“I want to get to work to get things done for the common person, for children and for families. It’s really about the future,” stated Zunker.
Ho-Chunk and Proud
Zunker’s Ho-Chunk name is Hinųk pįį which means "Good Woman."
Tricia Zunker in regalia.
She realizes she must appeal to all voters in the congressional district, she is well aware of the fact there are several federally recognized tribes have presence in the congressional district and she wants their votes. The tribal nations include: Bad River Band of Lake Superior Chippewa, Forest County Potawatomi, Ho-Chunk Nation, Lac Courte Oreilles Band of Lake Superior Chippewa, Lac du Flambeau Band of Lake Superior Chippewa, Red Cliff Band of Lake Superior Chippewa, Sokaogon Chippewa (Mole Lake), and St. Croix Chippewa.
Zunker has heard from both Rep. Deb Haaland (D-New Mexico), Pueblo of Laguna, and Rep. Sharice Davids (D-Kansas), Ho-Chunk, who became the first American Indian women elected to Congress in 2018.
“Both Deb Haaland and Sharice Davids have reached out to me to lend their support in my campaign,” says Zunker. “Rep. Haaland called me recently to give me a pep talk, when I didn’t even realize I needed one. After the call, I realized it was so inspirational to me,” Zunker continues with laughter in her voice.
“Their victories were historic,” commented Zunker. "I would be the first woman to be elected to serve WI-07, first Native American to represent WI in Congress, and would double the current population of single parents in Congress from one to two. I am a single mother raising a son.
In an interview with Native News Online, Zunker touched on the influence being Ho-Chunk has had on her and her career.
“I am a first generation of my family to become a college graduate. I come from very humble beginnings. As a Ho-Chunk, I feel the need to give back. That is what I have done in my career, as a tribal judge and as a member of the Wausau school board,” Zunker said.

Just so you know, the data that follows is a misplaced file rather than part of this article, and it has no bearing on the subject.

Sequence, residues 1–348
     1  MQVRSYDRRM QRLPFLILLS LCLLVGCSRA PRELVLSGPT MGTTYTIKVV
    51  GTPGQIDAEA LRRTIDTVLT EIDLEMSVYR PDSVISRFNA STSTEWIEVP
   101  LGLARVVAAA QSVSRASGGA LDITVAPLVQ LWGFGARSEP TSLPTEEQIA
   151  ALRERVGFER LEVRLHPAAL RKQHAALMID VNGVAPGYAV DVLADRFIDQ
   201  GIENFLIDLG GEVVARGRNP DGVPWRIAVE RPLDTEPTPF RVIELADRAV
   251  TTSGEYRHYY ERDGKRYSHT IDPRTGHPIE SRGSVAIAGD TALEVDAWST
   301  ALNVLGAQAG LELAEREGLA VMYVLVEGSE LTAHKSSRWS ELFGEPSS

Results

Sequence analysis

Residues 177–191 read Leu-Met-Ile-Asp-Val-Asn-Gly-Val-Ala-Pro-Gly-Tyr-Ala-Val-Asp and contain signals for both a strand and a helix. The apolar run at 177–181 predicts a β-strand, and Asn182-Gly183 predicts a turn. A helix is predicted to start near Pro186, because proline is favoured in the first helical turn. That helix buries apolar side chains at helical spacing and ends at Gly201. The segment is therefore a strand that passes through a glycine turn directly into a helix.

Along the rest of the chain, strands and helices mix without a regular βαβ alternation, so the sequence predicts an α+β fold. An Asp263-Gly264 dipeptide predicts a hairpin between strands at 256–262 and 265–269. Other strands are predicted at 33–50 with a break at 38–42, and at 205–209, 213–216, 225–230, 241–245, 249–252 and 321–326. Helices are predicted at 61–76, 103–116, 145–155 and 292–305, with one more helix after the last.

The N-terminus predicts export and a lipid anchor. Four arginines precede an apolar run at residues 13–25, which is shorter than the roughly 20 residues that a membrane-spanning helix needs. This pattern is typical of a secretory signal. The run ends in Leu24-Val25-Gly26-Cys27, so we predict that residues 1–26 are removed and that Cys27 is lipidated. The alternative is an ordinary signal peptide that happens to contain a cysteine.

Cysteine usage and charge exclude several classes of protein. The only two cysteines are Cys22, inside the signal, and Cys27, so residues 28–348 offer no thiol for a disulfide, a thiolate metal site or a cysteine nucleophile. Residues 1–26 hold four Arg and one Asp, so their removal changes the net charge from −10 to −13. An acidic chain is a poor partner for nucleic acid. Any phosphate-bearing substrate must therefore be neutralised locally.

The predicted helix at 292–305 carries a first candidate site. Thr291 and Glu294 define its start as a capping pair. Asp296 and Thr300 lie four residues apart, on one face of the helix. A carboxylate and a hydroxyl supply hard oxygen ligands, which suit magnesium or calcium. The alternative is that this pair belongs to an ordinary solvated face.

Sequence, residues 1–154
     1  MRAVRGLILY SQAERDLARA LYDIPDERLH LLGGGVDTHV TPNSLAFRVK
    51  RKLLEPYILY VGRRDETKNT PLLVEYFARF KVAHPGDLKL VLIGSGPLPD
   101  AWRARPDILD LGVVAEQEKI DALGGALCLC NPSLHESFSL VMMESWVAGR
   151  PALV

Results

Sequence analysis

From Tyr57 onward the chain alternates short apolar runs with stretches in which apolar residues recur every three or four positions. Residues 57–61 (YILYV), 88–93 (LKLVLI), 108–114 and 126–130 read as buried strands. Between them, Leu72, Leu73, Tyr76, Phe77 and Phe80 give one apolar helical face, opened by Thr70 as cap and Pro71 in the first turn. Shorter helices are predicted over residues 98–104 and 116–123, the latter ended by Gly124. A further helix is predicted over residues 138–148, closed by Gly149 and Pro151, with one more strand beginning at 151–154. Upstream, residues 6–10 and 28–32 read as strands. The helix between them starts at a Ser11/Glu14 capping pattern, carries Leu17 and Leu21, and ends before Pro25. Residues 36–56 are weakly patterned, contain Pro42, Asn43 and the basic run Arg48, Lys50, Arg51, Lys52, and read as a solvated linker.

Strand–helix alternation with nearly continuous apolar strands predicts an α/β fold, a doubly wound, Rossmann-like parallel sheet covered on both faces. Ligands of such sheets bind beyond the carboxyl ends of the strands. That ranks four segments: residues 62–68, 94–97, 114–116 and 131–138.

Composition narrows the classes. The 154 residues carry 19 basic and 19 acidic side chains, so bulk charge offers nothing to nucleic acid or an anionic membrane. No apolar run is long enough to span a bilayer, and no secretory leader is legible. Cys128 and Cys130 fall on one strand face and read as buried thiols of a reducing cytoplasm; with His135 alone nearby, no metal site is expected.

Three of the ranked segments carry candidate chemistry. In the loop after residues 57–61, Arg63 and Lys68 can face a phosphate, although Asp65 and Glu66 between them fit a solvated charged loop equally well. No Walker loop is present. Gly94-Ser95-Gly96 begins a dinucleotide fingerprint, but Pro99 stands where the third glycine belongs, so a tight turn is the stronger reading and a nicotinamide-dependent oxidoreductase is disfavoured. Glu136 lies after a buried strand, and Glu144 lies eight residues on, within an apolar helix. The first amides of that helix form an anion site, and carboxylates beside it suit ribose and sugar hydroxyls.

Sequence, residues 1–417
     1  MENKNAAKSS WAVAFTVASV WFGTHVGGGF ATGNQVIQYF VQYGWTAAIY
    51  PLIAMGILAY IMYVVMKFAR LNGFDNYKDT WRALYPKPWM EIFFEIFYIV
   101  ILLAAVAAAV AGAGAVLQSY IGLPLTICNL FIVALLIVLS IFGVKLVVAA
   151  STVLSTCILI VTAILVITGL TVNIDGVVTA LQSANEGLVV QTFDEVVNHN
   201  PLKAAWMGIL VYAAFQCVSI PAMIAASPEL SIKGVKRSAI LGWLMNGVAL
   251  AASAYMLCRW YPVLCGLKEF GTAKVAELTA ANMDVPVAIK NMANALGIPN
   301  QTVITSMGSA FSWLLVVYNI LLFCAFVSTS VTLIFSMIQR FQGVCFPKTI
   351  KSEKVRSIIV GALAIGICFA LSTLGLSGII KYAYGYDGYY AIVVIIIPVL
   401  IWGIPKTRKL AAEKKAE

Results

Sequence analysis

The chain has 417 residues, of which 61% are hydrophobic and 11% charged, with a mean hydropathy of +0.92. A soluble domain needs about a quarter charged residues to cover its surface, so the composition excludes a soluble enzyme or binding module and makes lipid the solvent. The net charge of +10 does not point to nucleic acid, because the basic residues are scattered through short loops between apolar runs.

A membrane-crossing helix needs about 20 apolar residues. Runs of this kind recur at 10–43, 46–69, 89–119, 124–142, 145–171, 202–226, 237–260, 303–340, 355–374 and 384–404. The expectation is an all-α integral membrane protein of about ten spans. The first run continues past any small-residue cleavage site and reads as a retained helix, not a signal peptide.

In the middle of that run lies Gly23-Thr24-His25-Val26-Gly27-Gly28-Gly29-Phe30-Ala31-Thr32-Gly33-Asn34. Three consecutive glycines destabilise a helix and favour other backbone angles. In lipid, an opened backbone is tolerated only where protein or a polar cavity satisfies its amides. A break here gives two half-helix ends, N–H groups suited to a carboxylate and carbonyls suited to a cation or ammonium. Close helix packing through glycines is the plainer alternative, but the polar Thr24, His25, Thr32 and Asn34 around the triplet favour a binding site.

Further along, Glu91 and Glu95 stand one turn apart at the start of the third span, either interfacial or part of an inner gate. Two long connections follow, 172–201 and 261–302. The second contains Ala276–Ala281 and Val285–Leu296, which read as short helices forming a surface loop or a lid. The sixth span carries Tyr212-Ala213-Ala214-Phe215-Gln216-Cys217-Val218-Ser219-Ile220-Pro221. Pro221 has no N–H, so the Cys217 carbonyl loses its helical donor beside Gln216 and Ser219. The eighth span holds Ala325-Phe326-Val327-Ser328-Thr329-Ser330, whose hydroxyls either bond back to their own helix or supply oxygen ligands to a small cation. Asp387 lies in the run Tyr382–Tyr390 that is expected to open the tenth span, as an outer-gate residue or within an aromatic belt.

Zunker currently serves as an associate judge on the Ho-Chunk Nation Supreme Court.
“When I came home to Wisconsin, I began buying Ho-Chunk-made baskets. I would find them at flea markets and garage sales. People didn’t even realize what goes into making them. I love them because of what they mean. The word Ho-Chunk means big voice. The baskets speak about our culture. They mean a lot to me as they symbolize perseverance and resilience. And, they are beautiful. Now I have quite a collection of homemade Ho-Chunk which give me a lot of pride in our culture,” said Zunker.
Zunker is proud of her private Ho-Chunk basket collection.
“My approach to dealing with my career comes from viewing things from three lens: Compassion, quality and opportunities. When I think about opportunities, I think about equitable – having equitable opportunities, such as opportunities for success. Stellar work should turn into success. Our current system doesn’t allow for this; that is one reason I want to be elected so that I can help change the system.
“If you think about it, more people care about Indigenous issues, such as the environment, good health and jobs. The bottom line is Indigenous issues are human issues. The GOP only is concerned about corporate success,” said Zunker.
Click to view the Tricia Zunker for Wisconsin website.
Photographs courtesy of Zunker campaign.